During World War II, commercial construction in the United States came to a standstill, but Dorothy Draper received a plum commission to design the interiors of Cassino Hotel Quitandinha, in Petrópolis, a mountain resort outside Rio de Janeiro, Brazil, designed by Italian architect Luis Fossatti and constructed by entrepreneur Joaquim Rolla. At the time it opened, the Quitandinha was the largest casino hotel in South America, and Draper’s contract was the largest commercial decorating contract signed to date, allowing her to maintain her company’s staff through the war years.
“South American colors will predominate,” she told the Christian Science Monitor, “sharp yellows, limes, cochineal, and a galaxy of greens, which we shall steal from the irresistible magnificence of the jungle with its great splashy leaves.” In conjunction with the highly-publicized project, Draper signed a contract with F. Schumacher & Co. for a line of fabrics based on the designs that had been created for Quitandinha. Called Brazilliance!, the collection featured scaled-down versions of the fabrics and wallcoverings used in the decoration of the resort, offered in twelve “brilliant tropical colors.” Designs included Carioca Stripe, Samba Stripe, Minas Cloth, and Fazenda Lily.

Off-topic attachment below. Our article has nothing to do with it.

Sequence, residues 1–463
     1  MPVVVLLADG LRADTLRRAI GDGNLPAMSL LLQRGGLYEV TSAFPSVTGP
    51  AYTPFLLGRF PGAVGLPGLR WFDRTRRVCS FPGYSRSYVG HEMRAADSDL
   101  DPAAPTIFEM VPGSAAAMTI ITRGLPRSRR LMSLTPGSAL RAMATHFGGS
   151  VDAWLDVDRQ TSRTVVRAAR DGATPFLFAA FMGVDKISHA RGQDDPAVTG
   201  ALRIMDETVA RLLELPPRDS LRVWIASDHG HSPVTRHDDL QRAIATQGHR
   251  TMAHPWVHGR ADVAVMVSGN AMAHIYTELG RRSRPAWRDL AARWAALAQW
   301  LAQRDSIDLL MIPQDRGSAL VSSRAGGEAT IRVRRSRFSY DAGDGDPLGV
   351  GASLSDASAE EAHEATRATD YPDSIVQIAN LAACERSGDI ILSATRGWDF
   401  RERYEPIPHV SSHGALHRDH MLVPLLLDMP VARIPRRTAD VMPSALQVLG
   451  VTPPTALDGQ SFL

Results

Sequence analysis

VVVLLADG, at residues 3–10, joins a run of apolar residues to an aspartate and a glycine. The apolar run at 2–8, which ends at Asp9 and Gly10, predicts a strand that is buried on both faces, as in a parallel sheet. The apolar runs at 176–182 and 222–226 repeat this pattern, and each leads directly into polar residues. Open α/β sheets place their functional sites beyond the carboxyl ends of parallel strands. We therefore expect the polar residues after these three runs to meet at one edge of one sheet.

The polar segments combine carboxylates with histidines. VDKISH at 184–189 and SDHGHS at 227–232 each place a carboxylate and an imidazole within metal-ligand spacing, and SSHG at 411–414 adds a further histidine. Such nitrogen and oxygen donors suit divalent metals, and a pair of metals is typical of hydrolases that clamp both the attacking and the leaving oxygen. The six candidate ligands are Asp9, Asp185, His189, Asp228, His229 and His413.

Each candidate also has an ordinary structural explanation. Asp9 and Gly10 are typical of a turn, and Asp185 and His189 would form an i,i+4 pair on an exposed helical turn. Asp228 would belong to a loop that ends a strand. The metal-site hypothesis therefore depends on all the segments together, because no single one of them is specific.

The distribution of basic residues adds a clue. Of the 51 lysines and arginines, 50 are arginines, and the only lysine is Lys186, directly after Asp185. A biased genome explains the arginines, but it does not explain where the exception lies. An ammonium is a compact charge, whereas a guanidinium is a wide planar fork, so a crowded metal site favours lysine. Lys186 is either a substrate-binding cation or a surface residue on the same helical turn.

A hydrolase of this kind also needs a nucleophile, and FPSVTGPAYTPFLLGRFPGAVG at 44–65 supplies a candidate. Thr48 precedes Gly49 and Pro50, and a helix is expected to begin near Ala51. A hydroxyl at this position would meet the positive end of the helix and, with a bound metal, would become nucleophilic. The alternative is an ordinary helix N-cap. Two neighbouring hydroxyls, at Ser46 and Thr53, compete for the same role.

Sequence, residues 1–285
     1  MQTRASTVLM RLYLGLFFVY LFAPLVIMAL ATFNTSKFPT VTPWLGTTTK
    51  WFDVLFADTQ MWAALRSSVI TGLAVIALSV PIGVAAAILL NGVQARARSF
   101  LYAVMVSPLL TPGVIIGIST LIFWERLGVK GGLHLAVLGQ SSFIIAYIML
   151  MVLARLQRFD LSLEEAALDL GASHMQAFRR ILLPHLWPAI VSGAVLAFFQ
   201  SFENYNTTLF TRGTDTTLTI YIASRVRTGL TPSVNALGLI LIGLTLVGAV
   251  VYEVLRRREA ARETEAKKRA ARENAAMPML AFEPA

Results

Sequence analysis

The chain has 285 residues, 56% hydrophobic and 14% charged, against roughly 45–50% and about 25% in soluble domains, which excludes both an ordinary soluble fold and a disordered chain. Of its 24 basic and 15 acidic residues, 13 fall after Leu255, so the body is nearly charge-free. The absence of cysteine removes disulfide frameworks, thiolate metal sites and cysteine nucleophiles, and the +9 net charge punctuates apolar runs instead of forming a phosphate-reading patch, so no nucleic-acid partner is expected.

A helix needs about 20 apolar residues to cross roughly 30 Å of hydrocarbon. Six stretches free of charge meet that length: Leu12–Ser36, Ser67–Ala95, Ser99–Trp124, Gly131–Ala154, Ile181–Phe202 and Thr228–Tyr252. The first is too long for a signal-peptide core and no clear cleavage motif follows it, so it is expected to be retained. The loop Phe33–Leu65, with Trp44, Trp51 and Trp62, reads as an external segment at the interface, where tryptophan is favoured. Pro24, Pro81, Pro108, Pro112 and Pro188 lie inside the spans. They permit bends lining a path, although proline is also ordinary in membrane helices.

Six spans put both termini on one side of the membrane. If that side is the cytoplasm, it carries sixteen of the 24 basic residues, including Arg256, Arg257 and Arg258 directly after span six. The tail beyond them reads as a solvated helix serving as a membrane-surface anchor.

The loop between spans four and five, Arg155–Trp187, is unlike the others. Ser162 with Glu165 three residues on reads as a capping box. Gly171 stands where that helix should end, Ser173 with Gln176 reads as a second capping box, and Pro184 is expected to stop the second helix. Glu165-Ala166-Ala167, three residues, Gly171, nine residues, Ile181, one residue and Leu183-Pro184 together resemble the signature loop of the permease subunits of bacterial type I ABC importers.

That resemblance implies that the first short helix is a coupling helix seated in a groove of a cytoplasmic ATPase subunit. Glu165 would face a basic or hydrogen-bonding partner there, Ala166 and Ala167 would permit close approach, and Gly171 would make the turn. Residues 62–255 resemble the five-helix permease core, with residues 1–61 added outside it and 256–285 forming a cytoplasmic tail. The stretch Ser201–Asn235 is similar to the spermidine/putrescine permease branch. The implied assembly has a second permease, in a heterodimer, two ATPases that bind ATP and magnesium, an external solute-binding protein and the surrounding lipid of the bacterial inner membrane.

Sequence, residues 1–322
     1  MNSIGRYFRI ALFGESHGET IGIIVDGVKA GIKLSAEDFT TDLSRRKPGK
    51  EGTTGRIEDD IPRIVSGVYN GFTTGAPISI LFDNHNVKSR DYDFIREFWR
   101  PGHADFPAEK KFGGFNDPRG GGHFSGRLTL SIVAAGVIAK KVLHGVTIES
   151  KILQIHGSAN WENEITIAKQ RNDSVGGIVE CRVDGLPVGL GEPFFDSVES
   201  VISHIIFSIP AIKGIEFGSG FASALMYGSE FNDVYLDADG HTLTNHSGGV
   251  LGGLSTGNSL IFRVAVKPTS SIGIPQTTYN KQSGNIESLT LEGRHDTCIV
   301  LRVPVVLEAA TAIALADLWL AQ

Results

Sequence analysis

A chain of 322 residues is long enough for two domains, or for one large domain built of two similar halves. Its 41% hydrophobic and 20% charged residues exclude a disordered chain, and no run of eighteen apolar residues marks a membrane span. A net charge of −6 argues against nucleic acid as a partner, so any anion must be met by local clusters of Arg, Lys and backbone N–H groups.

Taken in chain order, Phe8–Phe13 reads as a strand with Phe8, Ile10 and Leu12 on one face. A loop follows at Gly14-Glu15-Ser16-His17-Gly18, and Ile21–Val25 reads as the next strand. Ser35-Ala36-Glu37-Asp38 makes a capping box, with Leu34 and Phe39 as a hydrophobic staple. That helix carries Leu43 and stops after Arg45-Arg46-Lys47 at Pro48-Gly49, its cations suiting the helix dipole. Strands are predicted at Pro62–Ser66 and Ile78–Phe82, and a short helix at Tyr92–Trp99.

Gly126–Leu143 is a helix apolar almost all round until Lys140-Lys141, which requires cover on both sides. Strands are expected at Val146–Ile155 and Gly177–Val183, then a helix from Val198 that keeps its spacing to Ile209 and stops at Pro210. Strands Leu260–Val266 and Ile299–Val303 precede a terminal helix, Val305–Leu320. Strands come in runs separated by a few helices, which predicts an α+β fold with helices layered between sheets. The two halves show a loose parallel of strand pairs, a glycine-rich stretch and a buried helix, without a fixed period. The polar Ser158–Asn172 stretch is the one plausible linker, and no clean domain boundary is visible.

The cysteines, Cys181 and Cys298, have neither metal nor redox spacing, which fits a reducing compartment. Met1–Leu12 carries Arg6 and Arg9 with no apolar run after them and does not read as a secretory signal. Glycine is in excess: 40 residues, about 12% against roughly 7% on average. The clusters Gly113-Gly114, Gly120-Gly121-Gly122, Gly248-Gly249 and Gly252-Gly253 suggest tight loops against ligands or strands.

Susan Brown is Associate Curator in the Textiles department at Cooper Hewitt, Smithsonian Design Museum.
One thought on “Fazenda Lily”
Victoria Jenssen on December 4, 2018 at 11:32 am
I am fascinated to learn more about the Dorothy Draper workshops, as in, who designed and/or did the stencils for her wallpapers?
Where could I find such information?
I study silkscreen technology as practiced by NYC artists in wartime NYC.
These artists had to be getting jobs as designers or technicians in wallpaper companies?
I have a few names I could share with you